Mariah Burton Nelson is the author of The Stronger Women Get,
The More Men Love Football: Sexism and the American Culture of
Sports (Harcourt Brace 1994, Avon Paperbacks, 1995), that was
nominated for awards by the Center for the Study of Sport in Society
and the North American Society for Sport Sociology. Her first
book, Are We Winning Yet? How Women Are Changing Sports and Sports
Are Changing Women (Random House 1991) received the Amateur Athletic
Foundation's Book Award. She is currently working on The Courage
to Compete: Winning, Losing, and Intimacy in Women's Lives (William
Morrow 1997), and writes the first and only nationally syndicated
women's sports column, for Knight-Ridder/Tribune, that is distributed
to 320 newspapers. Nelson majored in psychology at Stanford ('78),
where she averaged 19 points per game on the basketball team and
was the captain and leading scorer and rebounder her last three
years. One rebound record is unbroken. She played for pro teams
in France (Clermont-Ferrand) and the United States (New Jersey
Gems). She later received a masters in public health from San
Jose State University.
A former weekly columnist for the Washington Post and editor of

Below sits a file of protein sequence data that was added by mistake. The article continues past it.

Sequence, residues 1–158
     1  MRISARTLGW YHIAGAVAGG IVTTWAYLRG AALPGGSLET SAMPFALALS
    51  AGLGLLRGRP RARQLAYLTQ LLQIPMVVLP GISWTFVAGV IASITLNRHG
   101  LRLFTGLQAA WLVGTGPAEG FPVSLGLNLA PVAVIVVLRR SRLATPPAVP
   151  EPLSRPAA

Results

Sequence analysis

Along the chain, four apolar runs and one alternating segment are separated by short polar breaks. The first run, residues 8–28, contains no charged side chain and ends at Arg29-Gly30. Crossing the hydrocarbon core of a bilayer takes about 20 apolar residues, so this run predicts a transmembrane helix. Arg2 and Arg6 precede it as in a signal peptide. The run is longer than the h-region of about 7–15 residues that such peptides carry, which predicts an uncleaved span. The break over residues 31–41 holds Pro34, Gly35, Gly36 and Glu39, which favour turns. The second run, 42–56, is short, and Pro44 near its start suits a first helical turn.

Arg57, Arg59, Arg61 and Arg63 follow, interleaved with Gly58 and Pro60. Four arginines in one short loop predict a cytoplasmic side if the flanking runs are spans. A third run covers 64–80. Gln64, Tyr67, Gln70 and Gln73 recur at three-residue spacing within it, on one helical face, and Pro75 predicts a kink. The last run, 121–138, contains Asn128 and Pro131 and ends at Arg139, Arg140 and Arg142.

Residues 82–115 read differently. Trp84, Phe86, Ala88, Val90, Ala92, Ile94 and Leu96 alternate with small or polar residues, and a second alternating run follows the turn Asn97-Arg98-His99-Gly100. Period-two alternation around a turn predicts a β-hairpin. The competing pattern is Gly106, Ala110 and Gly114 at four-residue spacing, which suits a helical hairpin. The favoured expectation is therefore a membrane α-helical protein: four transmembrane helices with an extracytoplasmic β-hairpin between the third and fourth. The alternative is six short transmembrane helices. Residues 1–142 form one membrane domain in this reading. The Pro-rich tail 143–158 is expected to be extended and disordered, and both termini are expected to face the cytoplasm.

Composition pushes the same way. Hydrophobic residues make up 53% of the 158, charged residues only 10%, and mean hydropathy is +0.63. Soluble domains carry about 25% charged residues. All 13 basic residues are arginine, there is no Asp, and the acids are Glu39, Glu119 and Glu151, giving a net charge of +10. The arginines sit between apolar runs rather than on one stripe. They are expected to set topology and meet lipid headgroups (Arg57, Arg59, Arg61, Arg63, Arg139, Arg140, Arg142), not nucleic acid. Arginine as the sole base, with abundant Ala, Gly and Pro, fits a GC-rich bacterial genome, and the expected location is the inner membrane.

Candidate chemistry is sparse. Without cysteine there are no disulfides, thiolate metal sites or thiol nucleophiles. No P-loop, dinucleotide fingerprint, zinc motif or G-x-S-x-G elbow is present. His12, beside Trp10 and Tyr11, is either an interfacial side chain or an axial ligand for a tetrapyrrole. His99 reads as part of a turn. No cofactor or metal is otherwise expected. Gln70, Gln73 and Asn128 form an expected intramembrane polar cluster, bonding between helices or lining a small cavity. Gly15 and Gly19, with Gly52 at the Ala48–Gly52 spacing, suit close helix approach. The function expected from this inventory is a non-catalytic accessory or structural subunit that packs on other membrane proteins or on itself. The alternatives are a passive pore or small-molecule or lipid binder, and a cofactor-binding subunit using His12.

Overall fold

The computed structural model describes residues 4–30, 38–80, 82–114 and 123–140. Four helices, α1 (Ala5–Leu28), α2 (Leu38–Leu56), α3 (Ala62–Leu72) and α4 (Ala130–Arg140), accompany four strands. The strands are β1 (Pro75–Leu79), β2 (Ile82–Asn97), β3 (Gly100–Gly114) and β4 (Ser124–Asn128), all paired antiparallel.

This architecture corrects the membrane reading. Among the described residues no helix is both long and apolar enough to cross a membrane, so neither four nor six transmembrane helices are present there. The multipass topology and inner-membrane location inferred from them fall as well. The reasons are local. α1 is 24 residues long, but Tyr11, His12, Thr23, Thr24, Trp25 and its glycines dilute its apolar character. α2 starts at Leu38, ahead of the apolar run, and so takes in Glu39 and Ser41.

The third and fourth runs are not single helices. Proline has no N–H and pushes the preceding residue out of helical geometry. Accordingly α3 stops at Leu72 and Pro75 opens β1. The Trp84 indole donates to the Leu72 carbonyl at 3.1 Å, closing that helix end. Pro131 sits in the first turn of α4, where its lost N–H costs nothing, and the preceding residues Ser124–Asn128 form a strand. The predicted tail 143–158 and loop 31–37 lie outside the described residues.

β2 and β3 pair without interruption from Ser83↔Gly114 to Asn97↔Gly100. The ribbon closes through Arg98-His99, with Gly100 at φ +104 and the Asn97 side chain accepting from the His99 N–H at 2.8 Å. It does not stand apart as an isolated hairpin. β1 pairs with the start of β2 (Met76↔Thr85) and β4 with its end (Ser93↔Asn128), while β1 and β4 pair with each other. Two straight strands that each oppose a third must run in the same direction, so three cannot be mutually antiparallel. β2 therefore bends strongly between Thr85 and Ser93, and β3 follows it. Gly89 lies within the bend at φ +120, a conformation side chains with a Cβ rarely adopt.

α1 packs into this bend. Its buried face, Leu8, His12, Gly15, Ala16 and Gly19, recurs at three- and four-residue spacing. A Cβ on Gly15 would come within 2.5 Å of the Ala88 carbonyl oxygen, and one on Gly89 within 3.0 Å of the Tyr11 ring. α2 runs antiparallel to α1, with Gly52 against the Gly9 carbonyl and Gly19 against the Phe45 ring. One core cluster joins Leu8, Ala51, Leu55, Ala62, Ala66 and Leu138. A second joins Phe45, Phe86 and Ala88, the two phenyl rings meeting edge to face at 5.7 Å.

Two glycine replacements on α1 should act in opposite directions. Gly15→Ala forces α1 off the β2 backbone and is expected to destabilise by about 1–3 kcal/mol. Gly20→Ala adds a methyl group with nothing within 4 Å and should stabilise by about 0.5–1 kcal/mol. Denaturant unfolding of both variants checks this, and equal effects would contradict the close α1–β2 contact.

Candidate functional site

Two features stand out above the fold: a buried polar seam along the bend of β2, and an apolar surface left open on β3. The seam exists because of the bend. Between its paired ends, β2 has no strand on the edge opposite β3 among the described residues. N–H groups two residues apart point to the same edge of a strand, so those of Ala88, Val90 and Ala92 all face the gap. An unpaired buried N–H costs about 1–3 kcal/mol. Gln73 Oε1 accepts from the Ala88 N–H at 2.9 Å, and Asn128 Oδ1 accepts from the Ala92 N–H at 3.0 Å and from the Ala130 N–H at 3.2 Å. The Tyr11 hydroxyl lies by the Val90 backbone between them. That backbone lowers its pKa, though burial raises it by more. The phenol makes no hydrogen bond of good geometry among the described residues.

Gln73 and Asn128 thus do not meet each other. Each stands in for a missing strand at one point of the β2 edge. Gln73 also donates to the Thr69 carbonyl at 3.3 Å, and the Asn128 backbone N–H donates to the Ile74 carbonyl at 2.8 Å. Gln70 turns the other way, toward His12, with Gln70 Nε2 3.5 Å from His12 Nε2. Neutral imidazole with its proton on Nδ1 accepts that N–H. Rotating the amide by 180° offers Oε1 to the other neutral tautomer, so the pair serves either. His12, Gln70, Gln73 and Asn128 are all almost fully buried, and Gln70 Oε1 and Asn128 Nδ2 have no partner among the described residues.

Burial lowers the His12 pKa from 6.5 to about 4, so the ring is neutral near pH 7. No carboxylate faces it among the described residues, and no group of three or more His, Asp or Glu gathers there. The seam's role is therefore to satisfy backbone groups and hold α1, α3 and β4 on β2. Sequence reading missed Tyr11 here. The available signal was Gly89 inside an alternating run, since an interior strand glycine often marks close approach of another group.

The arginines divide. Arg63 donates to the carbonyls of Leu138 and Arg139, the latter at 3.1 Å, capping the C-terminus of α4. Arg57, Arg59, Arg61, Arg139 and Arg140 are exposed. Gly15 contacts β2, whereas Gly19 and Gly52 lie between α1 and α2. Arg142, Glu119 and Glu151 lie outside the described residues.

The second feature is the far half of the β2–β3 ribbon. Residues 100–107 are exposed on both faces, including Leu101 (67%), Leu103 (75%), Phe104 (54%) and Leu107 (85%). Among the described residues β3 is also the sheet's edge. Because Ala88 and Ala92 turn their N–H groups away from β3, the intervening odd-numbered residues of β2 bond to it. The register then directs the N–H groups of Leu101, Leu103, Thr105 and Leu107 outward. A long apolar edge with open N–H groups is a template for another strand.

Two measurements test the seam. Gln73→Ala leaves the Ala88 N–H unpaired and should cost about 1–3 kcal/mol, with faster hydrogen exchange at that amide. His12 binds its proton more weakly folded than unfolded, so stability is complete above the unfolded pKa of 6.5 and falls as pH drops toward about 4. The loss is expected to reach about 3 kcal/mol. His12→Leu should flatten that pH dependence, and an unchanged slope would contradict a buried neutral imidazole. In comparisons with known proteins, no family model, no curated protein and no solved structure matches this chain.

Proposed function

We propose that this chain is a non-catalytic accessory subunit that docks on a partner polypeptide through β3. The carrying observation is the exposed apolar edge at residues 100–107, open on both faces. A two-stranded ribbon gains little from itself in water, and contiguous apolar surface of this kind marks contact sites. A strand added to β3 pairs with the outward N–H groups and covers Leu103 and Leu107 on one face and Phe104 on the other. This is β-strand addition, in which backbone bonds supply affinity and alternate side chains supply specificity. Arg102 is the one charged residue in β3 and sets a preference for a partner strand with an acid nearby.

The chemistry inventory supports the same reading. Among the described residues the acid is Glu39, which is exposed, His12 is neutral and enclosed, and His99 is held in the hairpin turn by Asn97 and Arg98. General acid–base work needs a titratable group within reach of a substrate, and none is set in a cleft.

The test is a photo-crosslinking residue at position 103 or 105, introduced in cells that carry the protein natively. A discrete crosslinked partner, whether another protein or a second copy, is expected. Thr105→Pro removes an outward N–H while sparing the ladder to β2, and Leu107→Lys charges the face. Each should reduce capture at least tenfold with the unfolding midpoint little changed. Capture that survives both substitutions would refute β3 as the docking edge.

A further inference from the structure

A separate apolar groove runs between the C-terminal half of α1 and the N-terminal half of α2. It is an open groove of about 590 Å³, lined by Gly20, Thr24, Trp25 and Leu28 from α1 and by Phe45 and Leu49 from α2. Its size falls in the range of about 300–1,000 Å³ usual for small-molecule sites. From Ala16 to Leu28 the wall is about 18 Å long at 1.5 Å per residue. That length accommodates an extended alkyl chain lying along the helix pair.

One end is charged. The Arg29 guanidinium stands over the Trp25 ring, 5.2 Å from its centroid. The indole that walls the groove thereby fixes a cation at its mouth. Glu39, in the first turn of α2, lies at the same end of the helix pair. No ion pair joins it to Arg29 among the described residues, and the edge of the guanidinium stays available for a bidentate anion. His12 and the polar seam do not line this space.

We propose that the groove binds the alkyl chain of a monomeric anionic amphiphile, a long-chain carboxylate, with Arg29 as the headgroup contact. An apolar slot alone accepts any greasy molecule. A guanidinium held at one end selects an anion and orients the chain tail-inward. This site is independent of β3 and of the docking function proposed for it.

Women's Sports and Fitness magazine, she has written for the New
York Times, USA TODAY, Ms. Magazine, Glamour, Shape, Fitness,
Cosmopolitan, and many other periodicals.
In her role as the nation's leading expert on gender and sports,
Nelson has appeared on The Today Show, Good Morning America, The
Phil Donahue Show, Larry King Live, Dateline; CBS's Evening News;
Crossfire, Geraldo Rivera; The Maury Povitch Show, and hundreds
of other television and radio shows. She is featured in a documentary
about homophobia in women's sports called Out for a Change.
In 1988 she won the Women's Sports Foundation/Miller Lite Magazine
Journalism Award. She was a finalist for the same award in 1990,
1991, and 1994. In 1994 she won the Fort Wayne Women's Bureau's
Nancy Rehm Memorial Award "for honest reporting of girls
and women in sports." In 1995 she was presented with the
National Organization for Women's award for excellence in sports
writing. In 1996 she will receive the National Association of
Girls and Women in Sport's Guiding Woman in Sport Award, and will
be inducted into the National Girls and Women in Sport Symposium
Hall of Fame.
Nelson lectures frequently on college campuses and at conferences.
She currently competes in masters swimming events (specializing
in the 1500-meter freestyle; her time is in the top five nationally
for her age group) and coaches her mother, Sarah Burton Nelson,
who recently set two Arizona state breaststroke records for women
She can be reached at: Mariahbn@aol.com.
When Women Win Too Much
The Courage to Lead from the Heart
Paid To Play A Game
My Mother, My Rival, MS magazine, reprinted in "A Kind of
from this article: "Competiton is about passion for perfection,
and passion for other people who join in this impossible quest.
What better way to get to know someone than to test your abilities
together, to be daring and sweaty and exhausted together."
©Copyright 1996 by Jan Meyer.